Tigers Fall in OT, 23-20

Tigers Fall in OT, 23-20

ATLANTA – All season, Cullen Harper has been about as good as a quarterback can possibly be. Time after time, he made the big throws in crucial situations. Sometimes they were caught and sometimes they weren't, but he always lived up to his end of the bargain.

That's why it was so shocking to see him and No. 15 Clemson have the game they did after having a month to prepare for the Chick-fil-A Bowl and No. 22 Auburn.

Harper, the driving force of the offense, struggled from the very outset with his passing and accuracy and in the end it helped Auburn take the 23-20 overtime victory Monday night in the Georgia Dome.

Auburn (9-4) won the game when quarterback Kodi Burns ran from seven yards out for the game-winning score in the first overtime ever in this bowl game.

However, the night wasn't as successful for Harper as the redshirt junior finished the night 14-of-33 passing for just 104 yards. He missed screen passes, middle passes, timing routes and deep throws. It just never clicked for Harper, who entered the night ranked 16th nationally in passing efficiency.

Harper said there was no carryover from the shoulder surgery he had a few weeks ago and that there is no real explanation for what transpired.

"My shoulder was fine," he said. "I've been throwing extremely well in practice. I was just off the mark today. I just missed some throws in the passing game. I prepared the same way I have every week during the season. It was just one of those games where the accuracy wasn't there."

Not helping the cause for Clemson (9-4) was the fact the defense, which entered the game short of two starters, saw a few more get hurt during the game. However, the most devastating blow came in the third quarter when safety Michael Hamlin went down with a left knee strain.

That left Clemson without its top three tacklers. Linebackers Nick Watkins and Tramaine Billie, who finished first and third on the team in tackles respectively, were each suspended due to academic reasons.

Hamlin is the team's second-leading tackler.

"We got hurt on some depth," Clemson defensive coordinator Vic Koenning said. "We played eight freshmen on defense tonight."

By the end of the third quarter, it was evident that the Clemson defenders were extremely tired. The newly implemented spread offense of Auburn really took its toll on the thin Clemson defense.

As a result, Clemson missed tackle after tackle because the players just didn't have enough strength and stamina to bring the ball carrier down.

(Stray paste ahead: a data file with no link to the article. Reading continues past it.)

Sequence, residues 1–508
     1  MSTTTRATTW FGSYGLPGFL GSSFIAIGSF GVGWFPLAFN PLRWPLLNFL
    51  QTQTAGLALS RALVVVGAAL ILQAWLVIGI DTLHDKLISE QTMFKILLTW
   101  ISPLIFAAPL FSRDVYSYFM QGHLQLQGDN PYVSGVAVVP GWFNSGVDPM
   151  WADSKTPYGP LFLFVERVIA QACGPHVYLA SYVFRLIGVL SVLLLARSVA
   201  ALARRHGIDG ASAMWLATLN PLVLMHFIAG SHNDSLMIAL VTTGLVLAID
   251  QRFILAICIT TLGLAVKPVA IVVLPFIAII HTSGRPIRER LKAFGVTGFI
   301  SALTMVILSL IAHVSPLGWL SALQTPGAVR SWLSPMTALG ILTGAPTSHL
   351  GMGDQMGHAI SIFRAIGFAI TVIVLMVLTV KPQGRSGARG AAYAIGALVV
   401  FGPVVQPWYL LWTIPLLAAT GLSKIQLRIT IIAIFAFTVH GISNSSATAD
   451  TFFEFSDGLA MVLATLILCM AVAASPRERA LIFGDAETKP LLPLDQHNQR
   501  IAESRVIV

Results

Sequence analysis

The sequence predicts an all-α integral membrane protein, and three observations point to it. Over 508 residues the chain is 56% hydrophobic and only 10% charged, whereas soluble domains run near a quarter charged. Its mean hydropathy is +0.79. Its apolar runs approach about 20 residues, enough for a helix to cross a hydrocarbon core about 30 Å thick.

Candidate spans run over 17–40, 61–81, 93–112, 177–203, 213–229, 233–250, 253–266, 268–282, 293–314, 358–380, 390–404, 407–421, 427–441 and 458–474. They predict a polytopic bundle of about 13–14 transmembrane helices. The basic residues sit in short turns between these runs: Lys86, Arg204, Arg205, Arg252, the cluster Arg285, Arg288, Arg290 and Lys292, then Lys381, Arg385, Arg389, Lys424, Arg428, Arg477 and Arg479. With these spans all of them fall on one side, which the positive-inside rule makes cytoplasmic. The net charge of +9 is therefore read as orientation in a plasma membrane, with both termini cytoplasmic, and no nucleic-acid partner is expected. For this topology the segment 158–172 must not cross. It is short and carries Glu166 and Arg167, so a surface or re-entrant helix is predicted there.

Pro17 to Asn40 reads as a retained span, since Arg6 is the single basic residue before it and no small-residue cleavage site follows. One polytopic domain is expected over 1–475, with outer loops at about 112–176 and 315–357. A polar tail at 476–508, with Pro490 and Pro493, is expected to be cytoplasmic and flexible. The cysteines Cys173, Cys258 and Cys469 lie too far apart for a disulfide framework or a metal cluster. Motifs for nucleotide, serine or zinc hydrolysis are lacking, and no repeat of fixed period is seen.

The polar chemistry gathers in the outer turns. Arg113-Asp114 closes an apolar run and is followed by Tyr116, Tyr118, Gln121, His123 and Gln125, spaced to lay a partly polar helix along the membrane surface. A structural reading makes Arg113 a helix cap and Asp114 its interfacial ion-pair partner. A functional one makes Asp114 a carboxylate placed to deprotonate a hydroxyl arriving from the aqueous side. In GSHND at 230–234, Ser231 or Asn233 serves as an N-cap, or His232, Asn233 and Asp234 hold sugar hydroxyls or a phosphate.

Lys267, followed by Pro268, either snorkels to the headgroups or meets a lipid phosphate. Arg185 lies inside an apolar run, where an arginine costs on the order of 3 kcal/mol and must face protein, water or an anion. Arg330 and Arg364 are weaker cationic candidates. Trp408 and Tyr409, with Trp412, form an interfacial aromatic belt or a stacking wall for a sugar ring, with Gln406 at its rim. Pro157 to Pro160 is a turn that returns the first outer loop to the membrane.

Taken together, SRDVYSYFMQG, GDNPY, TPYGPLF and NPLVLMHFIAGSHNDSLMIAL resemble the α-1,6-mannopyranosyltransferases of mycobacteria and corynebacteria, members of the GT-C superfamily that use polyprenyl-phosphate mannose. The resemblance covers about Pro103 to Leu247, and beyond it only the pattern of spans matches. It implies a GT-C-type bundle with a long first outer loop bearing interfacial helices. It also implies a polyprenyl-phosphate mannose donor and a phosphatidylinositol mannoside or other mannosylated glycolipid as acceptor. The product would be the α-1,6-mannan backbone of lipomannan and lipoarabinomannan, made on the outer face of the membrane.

"If we could have just finished off some tackles … even the touchdown in the end, we had him in the backfield but couldn't quite finish," Koenning said. "But I hope the Clemson fans understand just how much our guys gave it everything they had."

There was a different feeling following this loss than the one that happened last year to Kentucky in the Music City Bowl. The players and coaches were more upbeat because they could sense that good things are about to happen.

Even Clemson tailback James Davis seemed fine with the way his team played. Of course he wanted the win, but he wasn't disgusted in the effort.

"This game right here definitely showed the future and what's to come," he said. "I thought everything went OK. We went overtime with these guys and we fought hard and that's what you want to see. We had some guys out on defense and we still took them to overtime."

But there's no denying the fact that Clemson had more than enough opportunities to win this game in regulation. The offense had it first-and-goal at the 5 and had to settle for a field goal.

Other times, wide open receivers streaked downfield only to have Harper throw it over their head or behind them. Nothing seemed click other than the running game.

"He was just a little off, just a little bit off on a couple of those throws," Clemson offensive coordinator Rob Spence said. "I'd hate for one performance to take away from all the positives he's done this season. …

"I think we could have had a very successful day had we been able to do just a little bit better throwing the ball down field."

The first half provided a lot of excitement but nothing else. There were big plays, big hits, however, there were basically no points.

Both offense's would periodically show flashes and move the ball, but each time they would ultimately bog down and either have to punt or wound up missing a field goal.

If not for one play, Clemson would have had hardly any offense at all. It was the worst it had looked since the losses to Virginia Tech and Georgia Tech.

Stymied for the entire first quarter, Clemson got its first big play of the game when sophomore tailback C.J. Spiller took the handoff, got bottled up inside, broke free from the grasp of All-American defensive end Quentin Groves, bounced to the outside and sprinted 83 yards down the left sideline for the touchdown.

It was a play the Tigers had desperately needed. Not only did it give Clemson a 7-3 lead with 13:14 left in the second quarter, but more importantly it pumped life and energy into the entire team.

But that was it. Clemson wasn't flat anymore, but that didn't help the offense as Harper was off in a big way. In the opening half, He was 7-of-16 for 37 yards. That was the lowest amount of passing this season for the first half.

Clemson's running game looked solid at times. Even not including Spiller's breakaway, the team was able to gain chunks of yardage on the ground. Davis had eight carries for 44 yards.

Clemson will have to wait until next year to go after 10 wins, which hasn't happened since 1990. Nonetheless, head coach Tommy Bowden likes the state of the program.

"I don't think the program's going backwards," he said. "You win that game and you're probably knocking on the door of the top 10."

And that's surely where Clemson will be to begin next season.

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